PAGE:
‘Suck­ing on a dummy’

Sunday Star-Times - - NEWS - Emma Keel­ing

English rugby team child­like ahead of to­day’s game.

Sol­i­dar­ity and em­pa­thy are fall­ing through the air, land­ing softly in the drifts of red-and-or­ange leaves. It’s that time of year — au­tumn tours in the north af­ter a bru­tal win­ter in the south. A time when play­ers limp in uni­son and coaches are so tired they start us­ing preg­nancy as a metaphor for rugby. Eng­land coach Ed­die Jones has fallen out of the top branches with a thump. Fans, some of his play­ers, and his de­parted back­room team of coaches also ap­pear slightly dazed. They’re over there in the cor­ner, hud­dled to­gether for sup­port, wait­ing for the ther­a­pist to ar­rive. With just un­der a year un­til the World Cup, Eng­land are clutch­ing a blan­ket and suck­ing fran­ti­cally on a dummy, such is the dis­ar­ray their side ap­pears to be in. The baby metaphor is a lit­tle odd, but apt. In the lead-up to to­day’s game against South Africa, Jones pointed out the dam­age the 2017 Lions tour in­flicted on his play­ers’ prep for the sea­son. The re­al­i­sa­tion had hit him like that very first ex­plod­ing nappy. ‘‘Ev­ery­one tells you how dif­fi­cult it is, but you never know un­til you are up at 3am five morn­ings in a row.’’ Yup, Jones is now in the poo af­ter a ter­ri­ble run of form since his glow­ing start. Con­cep­tion is the fun part, un­less you’re in the room or coun­try next door, as was the case for any­one com­ing up against Eng­land in the early care­free days of Jones’ coach­ing ten­ure. New Zealand fans prob­a­bly re­mem­ber it as a nasty bout of morn­ing sick­ness. That queasy feel­ing grew worse as the weeks went by un­til we sat look­ing green and sweaty, watch­ing the men in white equal the All Blacks’ world record 18-match win­ning streak. But, as many of the rest of the world’s rugby jour­nal­ists have re­ported, the All Blacks get an easy ride from the refs, and in this case, the uni­verse pitched in as well, help­ing those beau­ti­ful Ir­ish lads bring Eng­land back into the real world with a sharp slap on the bum. Con­grats New Zealand! I’m sure Steve Hansen, be­ing the Dad he is, would take no sat­is­fac­tion in an­other man’s coach­ing pains. He sym­pa­thises be­cause he’s suf­fered the same prob­lem when faced with a long sea­son of painful con­trac­tions. He wants a 16-week break from the lads – I mean for the lads – each year. Just how many tantrums it would take to pierce the decades of plugs stuffed in the ears of World Rugby is un­known. For Jones, the screams from the ter­ri­ble twos are still echo­ing in the trou­ble­some threes. Af­ter a hor­ror show in the Six Na­tions and South Africa, and a loss against the Bar­bar­ians, where their de­fence leaked like the afore­men­tioned nappy, Jones did what any freaked-out par­ent would do; got a new vil­lage in to try to raise a World Cup-win­ning team. It seems Aussie Ed­die is con­cerned his yel­low-and-green psy­che may be con­fus­ing the play­ers, so this week he an­nounced for­mer cap­tain Will Car­ling as a lead­er­ship men­tor who can ex­plain what it means to wear white. The cleft-chinned one joins for­mer All Blacks coach John Mitchell, who’s now shoring up the de­fence, along with new speed and con­di­tion­ing coaches. Jonny Wilkin­son will con­tinue to swoop in like a rock-star un­cle. When you read this you will know whether Eng­land man­aged to over­come South Africa at Twick­en­ham. I doubt there will be tears, but a loss would see Jones hold­ing an­other dirty nappy. Could the stink con­vince RFU bosses to send him from the fam­ily home? Prob­a­bly not this close to the World Cup, but with the All Blacks com­ing to visit next week­end, Jones bet­ter get the adult di­a­pers ready.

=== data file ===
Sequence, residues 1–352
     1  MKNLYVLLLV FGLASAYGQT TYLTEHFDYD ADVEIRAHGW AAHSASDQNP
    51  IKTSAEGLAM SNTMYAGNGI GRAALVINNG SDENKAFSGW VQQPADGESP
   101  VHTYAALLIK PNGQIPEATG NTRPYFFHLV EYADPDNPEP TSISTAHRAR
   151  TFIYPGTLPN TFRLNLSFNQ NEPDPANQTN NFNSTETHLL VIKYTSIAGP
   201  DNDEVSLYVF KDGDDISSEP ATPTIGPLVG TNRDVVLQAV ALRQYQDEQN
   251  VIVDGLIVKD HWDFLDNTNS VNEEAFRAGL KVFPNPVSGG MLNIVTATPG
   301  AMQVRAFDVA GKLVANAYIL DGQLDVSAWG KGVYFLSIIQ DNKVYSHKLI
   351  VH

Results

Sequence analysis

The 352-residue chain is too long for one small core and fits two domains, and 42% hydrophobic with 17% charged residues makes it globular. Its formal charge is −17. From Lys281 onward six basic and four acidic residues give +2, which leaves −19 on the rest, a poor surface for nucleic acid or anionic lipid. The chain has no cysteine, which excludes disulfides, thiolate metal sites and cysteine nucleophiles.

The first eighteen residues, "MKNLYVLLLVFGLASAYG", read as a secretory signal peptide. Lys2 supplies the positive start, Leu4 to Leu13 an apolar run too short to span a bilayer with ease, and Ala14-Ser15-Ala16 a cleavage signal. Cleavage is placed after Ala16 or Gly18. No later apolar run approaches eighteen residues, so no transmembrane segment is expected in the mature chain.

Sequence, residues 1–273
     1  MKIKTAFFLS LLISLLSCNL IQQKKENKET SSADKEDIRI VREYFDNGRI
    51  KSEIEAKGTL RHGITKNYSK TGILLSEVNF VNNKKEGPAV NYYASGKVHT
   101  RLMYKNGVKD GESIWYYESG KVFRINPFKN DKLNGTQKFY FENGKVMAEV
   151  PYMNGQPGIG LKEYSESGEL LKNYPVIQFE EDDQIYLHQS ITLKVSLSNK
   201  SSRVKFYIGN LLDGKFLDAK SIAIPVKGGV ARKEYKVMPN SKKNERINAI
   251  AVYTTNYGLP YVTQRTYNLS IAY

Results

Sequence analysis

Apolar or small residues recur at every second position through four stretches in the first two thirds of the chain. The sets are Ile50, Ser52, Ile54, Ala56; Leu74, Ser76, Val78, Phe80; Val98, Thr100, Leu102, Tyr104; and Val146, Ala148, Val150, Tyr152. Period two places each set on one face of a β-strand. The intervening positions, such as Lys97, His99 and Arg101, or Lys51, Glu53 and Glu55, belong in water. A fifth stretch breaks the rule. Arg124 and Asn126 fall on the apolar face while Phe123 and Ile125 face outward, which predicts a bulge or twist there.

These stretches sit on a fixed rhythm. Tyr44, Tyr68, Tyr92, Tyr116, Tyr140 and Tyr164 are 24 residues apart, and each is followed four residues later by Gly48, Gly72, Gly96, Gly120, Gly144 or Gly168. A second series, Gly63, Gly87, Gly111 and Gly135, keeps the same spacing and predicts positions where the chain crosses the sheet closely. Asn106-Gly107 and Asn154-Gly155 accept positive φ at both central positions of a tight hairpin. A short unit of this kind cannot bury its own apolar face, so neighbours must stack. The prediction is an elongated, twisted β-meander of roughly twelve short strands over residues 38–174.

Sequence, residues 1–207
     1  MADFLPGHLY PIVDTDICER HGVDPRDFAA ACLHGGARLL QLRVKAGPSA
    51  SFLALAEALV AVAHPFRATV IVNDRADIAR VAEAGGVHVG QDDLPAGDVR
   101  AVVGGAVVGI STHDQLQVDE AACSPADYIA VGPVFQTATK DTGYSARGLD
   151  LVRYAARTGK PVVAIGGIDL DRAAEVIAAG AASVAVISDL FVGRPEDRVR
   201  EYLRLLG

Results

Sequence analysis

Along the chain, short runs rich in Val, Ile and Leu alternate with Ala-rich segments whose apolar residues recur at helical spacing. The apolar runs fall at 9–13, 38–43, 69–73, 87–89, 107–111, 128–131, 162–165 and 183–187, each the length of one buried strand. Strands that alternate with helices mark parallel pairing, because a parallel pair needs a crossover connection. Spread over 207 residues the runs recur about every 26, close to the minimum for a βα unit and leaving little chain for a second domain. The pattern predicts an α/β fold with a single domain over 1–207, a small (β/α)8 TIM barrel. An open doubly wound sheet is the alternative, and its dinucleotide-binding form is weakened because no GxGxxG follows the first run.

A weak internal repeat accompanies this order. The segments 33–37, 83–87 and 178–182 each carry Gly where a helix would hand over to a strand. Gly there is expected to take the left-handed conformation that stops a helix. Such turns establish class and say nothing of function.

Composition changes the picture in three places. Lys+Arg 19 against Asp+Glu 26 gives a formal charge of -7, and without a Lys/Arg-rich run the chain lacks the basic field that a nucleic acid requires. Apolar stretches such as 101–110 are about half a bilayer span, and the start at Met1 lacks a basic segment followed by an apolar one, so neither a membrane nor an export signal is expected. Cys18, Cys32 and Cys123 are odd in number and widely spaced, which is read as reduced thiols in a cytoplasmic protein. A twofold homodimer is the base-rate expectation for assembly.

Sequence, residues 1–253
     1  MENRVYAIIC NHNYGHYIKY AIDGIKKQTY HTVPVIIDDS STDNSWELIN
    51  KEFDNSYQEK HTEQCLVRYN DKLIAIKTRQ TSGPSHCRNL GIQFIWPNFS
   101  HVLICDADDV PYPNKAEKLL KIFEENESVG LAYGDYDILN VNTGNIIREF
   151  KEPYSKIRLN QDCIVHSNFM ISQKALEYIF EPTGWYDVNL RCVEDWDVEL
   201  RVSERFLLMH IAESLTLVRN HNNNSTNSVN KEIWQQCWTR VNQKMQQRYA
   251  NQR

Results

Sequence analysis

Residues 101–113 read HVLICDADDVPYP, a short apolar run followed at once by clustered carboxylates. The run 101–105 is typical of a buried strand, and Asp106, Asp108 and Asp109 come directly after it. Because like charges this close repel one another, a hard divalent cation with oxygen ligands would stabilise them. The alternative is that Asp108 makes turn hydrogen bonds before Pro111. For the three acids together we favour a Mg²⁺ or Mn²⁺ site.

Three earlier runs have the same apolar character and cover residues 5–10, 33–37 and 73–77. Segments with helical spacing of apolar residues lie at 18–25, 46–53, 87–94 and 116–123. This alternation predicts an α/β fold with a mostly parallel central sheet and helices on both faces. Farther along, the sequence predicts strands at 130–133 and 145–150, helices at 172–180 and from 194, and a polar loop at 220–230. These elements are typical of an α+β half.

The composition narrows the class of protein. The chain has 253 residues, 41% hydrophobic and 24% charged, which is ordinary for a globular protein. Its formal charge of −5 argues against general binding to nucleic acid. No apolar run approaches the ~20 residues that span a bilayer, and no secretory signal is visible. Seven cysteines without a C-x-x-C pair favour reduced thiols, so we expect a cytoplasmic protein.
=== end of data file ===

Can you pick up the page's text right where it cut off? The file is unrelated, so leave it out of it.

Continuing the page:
For Jones, the screams from the ter­ri­ble twos are still echo­ing.


For­mer Hur­ri­canes skip­per Brad Shields talks with Eng­land coach Ed­die Jones af­ter his in­ter­na­tional call-up.

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